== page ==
The board passed the Resolution in Celebration of the Right to Vote, declaring 2/23/18, the 47th anniversary of the 26th Amendment, as the Day of Student Registration to Vote.

Associate Superintendent Mike Mathiesen presented the Second Interim Budget Report, reporting revenues of $87.4M, Expenses of $86.0M, and Transfers out of $1.0M, with no significant differences from the First Interim.

The board approved adjustments of Developer Impact Fees on residential development from $1.16 to $1.26 per square foot and on commercial development from $0.19 to $0.20 per square foot.  A Public Hearing on the fees was held, but there were no speakers.

The Adult Education Annual Review was held, highlighting the Job and Career Fair in October 2017.  Job placement for Adult School students has been very successful.

The board voted for the incumbents in the CSBA Delegate Assembly Election: Joe Mitchner, Frank Biehl, Cynthia Chang, and Jodi Muirhead. 

— Sally Ahnger, Observer

March 26 Meeting

   March 26: Recognizing that success at school is connected to the feelings of mental health and safety, MVLA puts time and money into student wellness. Tonight the board heard about the clinical services that are provided at MVHS, LAHS, and Alta Vista High School. Some context for this need: most high school students were born after 9/11 and have grown up with the tragic norm of school shootings. Added to these unsettling sociological factors is the fact that students feel more pressure to perform academically and get into colleges that are increasingly harder to get into. According to a California Healthy Kids survey, the percentages of students who report “chronically sad or hopeless feelings” has gone up for the past three years, with 20% of MVLA 9th graders feeling anxious or depressed and one third of 11th graders feeling this way. MVLA hired Dr. Susan Flatmo to be their clinical services coordinator to help these students, with Huang Vo as student services coordinator at MVHS and Kristin Castillo as student services coordinator for LAHS. A grant from El Camino Hospital helps pay for these positions. They work with a team of mental health counselors through CHAC (the local Community Health Awareness Council) who help students at both schools plus Alta Vista. What are the top five student issues via referrals? They are (in descending order) academic difficulties, depression, anxiety, family issues, and frustration tolerance. These counselors utilize three tiers of support for students: Tier One (for all students via school-wide mental health awareness events, teacher training, and more); Tier Two (early intervention for some students using individual counseling, services and support groups, and more); and Tier Three (intensive intervention for a small number of students including acute crisis intervention and support, referrals to outside services, clinical groups, and case management).  Looking forward, goals of this extensive and evolving work are to help students have an increased capacity to self-regulate and problem solve via student wellness centers and school-wide awareness work. Additionally they strive to help reduce mental health stigma (including that for parents who feel alone and stigmatized if their child has mental health issues).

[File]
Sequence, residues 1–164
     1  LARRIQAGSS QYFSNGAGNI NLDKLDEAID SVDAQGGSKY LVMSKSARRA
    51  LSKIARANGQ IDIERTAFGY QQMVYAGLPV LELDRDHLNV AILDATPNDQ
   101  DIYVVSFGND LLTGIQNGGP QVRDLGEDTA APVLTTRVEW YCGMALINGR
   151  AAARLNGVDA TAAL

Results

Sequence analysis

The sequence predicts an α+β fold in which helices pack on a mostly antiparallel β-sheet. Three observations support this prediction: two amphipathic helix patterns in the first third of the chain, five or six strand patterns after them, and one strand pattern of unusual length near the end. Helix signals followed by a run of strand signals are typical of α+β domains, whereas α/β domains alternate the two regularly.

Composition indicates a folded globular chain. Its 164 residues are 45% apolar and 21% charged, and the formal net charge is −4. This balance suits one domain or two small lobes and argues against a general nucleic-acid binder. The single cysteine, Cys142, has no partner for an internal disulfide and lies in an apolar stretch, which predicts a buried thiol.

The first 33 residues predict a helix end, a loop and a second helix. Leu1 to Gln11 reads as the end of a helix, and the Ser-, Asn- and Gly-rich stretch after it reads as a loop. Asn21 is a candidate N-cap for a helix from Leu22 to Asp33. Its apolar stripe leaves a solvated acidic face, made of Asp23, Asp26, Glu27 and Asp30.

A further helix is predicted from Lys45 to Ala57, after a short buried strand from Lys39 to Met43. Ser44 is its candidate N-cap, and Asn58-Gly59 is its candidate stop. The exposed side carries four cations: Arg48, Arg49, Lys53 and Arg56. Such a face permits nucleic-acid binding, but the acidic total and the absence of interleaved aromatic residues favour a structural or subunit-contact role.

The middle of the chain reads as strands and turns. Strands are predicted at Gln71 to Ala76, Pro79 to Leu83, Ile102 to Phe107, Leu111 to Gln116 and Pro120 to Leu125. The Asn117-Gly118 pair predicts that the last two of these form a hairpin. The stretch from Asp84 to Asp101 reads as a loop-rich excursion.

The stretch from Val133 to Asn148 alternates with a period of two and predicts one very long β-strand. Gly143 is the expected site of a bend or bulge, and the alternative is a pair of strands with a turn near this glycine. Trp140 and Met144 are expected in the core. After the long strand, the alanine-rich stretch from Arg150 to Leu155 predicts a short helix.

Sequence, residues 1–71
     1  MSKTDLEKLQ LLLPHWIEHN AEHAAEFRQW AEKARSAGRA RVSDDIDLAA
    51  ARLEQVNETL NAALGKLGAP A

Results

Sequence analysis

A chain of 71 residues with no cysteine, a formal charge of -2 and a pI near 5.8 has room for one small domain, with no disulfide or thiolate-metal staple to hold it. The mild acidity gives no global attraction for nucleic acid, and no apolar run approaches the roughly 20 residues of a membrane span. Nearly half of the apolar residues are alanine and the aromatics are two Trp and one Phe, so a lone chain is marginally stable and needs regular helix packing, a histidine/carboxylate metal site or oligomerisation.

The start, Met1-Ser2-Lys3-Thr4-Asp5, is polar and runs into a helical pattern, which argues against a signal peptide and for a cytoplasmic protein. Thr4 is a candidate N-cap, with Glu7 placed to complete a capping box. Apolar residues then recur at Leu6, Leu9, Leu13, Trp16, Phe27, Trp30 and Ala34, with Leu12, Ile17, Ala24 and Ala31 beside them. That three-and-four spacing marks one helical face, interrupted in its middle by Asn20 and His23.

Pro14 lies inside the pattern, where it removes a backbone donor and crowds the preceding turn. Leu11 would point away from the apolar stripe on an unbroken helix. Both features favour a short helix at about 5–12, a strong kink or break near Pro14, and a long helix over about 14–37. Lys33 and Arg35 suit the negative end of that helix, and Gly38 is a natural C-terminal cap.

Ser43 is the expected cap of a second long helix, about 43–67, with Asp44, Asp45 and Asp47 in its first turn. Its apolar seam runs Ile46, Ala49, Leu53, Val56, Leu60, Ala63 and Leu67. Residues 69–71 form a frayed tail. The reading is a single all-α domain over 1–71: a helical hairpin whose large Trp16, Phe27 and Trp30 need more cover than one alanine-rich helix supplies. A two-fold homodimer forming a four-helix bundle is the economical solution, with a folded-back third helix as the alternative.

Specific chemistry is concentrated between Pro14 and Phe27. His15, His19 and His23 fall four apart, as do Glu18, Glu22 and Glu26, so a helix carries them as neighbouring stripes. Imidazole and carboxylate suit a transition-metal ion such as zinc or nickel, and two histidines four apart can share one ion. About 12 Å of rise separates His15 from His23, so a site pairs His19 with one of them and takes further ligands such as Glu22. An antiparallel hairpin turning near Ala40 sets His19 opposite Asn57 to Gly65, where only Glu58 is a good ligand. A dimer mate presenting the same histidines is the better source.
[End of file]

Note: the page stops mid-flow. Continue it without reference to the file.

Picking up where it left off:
The other major agenda item at this meeting was a discussion about the increasing difficulty in finding qualified substitute teachers. According to a recent survey done by MVLA, over a two-week period there was only one day where they had enough substitute teachers. On all the other days other teachers had to fill in for that absent teacher during their prep period (and sometimes even the principal had to fill in). One way MVLA hopes to be able to attract more substitute teachers to work for their district is to raise their pay. Currently MVLA pays a daily rate of $152. Several surrounding districts (including Palo Alto, Los Altos, Mountain View Whisman) offer these substitute teachers $160 per day. In order to remain competitive with these surrounding school districts MVLA is recommending to the board that they raise their daily substitute teacher pay to $180. The board heard this recommendation and made a few comments. This recommendation will come back as an action item (in the consent agenda) at a future board meeting.

— Ellen Wheeler, Substitute Observer

Mountain View – Los Altos High School District Meetings January 2018

January 8 and 22, 2018

The main attraction of these meetings continued to be the Facilities Master Plan, which was approved at the Jan 22 meeting.  The Jan 8 meeting was preceded by a 3-hour study session on the Plan during which the master plan was presented in some detail and community members had an opportunity to speak.  Several speakers were neighbors of LAHS, concerned about the two-story building on the edge of the campus which would be very close to their homes.  Other comments concerned the parity of facilities between MVHS and LAHS, including classrooms, cafeterias, and performing arts facilities.  At the Jan 22 meeting, the architects presented a table showing the number of classrooms and the square footage of various facilities at the two schools.  In the new plan, storage and practice rooms were added to the LAHS Instrumental Music building to provide facilities comparable to MVHS. The architects also described various ways to mitigate the impact of the two-story building on neighbors.  With the Facilities Master Plan approved, design will begin immediately on the new buildings to be constructed.  The first step is schematic design, during which the architects will work with a committee of teachers, administrators, students, parents, and community members.  The classroom buildings could be built by 2020, with all of the facilities finished in 6 to 6.5 years.  The approved Master Plan will require a $295M bond, which needs to be approved before the March 9 deadline for the June election.